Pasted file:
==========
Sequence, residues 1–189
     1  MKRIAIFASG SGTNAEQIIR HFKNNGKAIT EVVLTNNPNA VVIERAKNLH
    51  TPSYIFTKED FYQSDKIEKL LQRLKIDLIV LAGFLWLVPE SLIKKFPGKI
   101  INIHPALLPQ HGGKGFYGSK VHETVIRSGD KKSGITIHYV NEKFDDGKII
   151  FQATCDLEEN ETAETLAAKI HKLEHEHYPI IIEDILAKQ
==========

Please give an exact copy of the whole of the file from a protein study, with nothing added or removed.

Sequence, residues 1–189
     1  MKRIAIFASG SGTNAEQIIR HFKNNGKAIT EVVLTNNPNA VVIERAKNLH
    51  TPSYIFTKED FYQSDKIEKL LQRLKIDLIV LAGFLWLVPE SLIKKFPGKI
   101  INIHPALLPQ HGGKGFYGSK VHETVIRSGD KKSGITIHYV NEKFDDGKII
   151  FQATCDLEEN ETAETLAAKI HKLEHEHYPI IIEDILAKQ